“Life is what happens to us when we are busy making other plans”- John Lennon.
When I look back in time I see a lot of changes that reflect in every aspect and dimensions of my life as well as the life of the hills. Fortunate enough, our childhood days didn’t see the arrival of computers and mobile phones and even more fortunate that a bunch of friends and one laal-patthar each were enough to call it a smooth day.
I look at kids these days and notice how they are indulged in gaming and social networking, they hardly know the fun of outdoor sports, unless of course it is a formal playing at school or sports clubs. Times were different when we were kids. Most of the time was spent outside and we had a variety of games and sports that kept us busy for the whole day.
If I went on talking about all the games that we had, it would take days and still wouldn’t be sufficient. I however vividly remember a few outdoor street sports of our time, just thinking of which gives me a beautiful nostalgia.
Darjeeling is a football crazy place as we all know and it had an important contribution to our childhood. We would play football through all stages of a ball’s life- from a new ball to tubeless ‘bora haaleko’ ball with all cobbler stitches around. That doesn’t mean we didn’t enjoy other sports. We had equal enthusiasm about cricket and we used to enjoy it to the fullest during the cricket season.
Life was not as easy as these days. Cricket bat used to be a rare kit and usually only one guy in a group would have a bat, luxury items of our time. And about ball, playing with a tennis ball would be a once in a blue moon affair, that too if we were to visit somewhere else for a cricket match (bet). Else, handmade balls (kaagaz/plastic ko) would compensate to the lack of funds and ensure that we never went out of play.
The ball, I must say required skilled hands and systematic process to get ready. The process started by selecting a perfect stone for the core of the ball, round and of the desired weight. It would then be wrapped by layers of paper, addition of each layer would be followed by the step of compressing it to make the ball compact. The endless supply of papers would come from the used notebooks of the past (asti ko paali ko khaata haru) or old newspapers. The last layer would be of that of a plastic to save the paper layers inside from the friction of the concrete road. When the ball would be ready with perfect weight and structure, it would be tied up with rubber bands all around, to keep it intact and give it a bouncy finish.
The only thing we needed to buy that way were rubber bands which would cost 1-2 rupees, the amount of money we used to get ‘mithai khanu’ from home those days, to which I am sure many kids these days would laugh. But those were the reality of the days, kids got see a beefy amount only on very lucky days. And sometimes when you didn’t even have that 1-2 rupees, the only alternative left would be to look for “katteko chungis”.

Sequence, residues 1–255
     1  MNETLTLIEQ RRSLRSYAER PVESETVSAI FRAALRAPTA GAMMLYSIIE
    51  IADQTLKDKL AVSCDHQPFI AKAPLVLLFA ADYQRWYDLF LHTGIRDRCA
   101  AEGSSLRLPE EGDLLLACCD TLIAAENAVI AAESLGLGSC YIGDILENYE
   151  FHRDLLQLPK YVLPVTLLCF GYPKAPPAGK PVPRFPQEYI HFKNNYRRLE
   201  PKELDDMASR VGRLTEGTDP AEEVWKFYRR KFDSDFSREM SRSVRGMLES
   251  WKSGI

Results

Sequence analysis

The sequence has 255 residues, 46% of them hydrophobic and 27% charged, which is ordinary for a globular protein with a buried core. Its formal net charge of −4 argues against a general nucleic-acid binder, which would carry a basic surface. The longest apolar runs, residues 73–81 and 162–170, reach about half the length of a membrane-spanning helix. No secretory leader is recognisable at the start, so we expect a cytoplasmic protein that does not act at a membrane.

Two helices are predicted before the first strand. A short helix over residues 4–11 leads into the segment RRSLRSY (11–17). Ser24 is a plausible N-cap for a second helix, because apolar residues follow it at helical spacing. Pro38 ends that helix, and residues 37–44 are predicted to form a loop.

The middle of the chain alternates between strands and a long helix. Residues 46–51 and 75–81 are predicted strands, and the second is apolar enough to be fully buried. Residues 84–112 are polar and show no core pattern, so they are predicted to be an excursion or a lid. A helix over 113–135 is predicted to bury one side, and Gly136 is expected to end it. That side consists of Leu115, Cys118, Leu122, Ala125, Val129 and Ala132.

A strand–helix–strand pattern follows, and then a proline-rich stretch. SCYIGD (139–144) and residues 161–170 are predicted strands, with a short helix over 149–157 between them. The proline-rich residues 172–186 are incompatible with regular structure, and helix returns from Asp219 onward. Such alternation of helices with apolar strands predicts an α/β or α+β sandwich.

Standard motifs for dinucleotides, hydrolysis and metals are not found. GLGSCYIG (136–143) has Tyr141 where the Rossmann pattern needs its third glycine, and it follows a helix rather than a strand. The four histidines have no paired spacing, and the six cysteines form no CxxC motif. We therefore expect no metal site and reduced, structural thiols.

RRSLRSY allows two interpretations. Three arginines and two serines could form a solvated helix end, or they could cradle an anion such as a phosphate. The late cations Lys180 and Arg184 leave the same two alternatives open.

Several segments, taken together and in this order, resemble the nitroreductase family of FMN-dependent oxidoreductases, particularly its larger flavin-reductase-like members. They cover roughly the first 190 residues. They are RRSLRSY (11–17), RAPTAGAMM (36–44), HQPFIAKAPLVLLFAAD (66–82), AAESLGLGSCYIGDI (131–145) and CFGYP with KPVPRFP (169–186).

So now having everything ready, the cricket match would start (a serious one). Rules were simple: Generally, the off side would be closed (as for the fear of losing the ball down the off side). The bowler should be bowling round arm delivery without bending the hand (Toppay bowl not allowed). Wicket would usually be a big Tin Box (Pujari Tel ko), or a Chair or Pira held on to the road using a brick, or stump made of cardboard or sticks… and it would be the wicket keeper’s duty to remove the wicket if a vehicle came. The other wicket at the bowler’s end would be a brick. The game would be paused if the vehicles and people were to pass by. The run distribution would be declared in clear words “Straight ma sulkera goko Chauka, Urera goko Six, Maathi vitta ma laageko Duggi (two runs), Off ma sulkera goko run chaina, ball kattako out.”
And the most important rule “Joley kattawcha tesle Ball tipera/khojera lewcha”.
The ball would roll down the culprit side as many a times and searching for the ball would be a normal practice throughout the match. Most of the times, habituated to the exercise of looking for the ball, one would already know where to look first.
In our case, it was the root of a nettle plant where the ball would go and get stuck most often (sisnu ko jhyang vitra).
Failing to find the ball by oneself, the other guys would finally come down to join the search with praises and compliments like “Yesle ta aankha dekhay po ball khojthiyo” and “tero aankha ho ki aalu ho?”
The ball used to be an asset in itself, a way to the happiness.
What remain fresh are the memories of hitting the ball at someone’s roof to losing it into the drains; From making perfect balls for cricket, to making lighter version of the same to play luckoo/pittu (I don’t know what they call it in English or what other names they might use to refer to it).
The road now has beautiful houses on both its sides and no longer serves as a playground. The passerby no longer give expressions like “kasto maanchey hidney baato tira kheleko, aafnu aafnu ghar agari gayera khelnu ni”. Baato muni ko Badi no longer has to say “aabo ball aayo vaney chai kattai dinchu”.
Kids are safe before the screens and no longer need to find an explanation for the bruises on their hands or knees.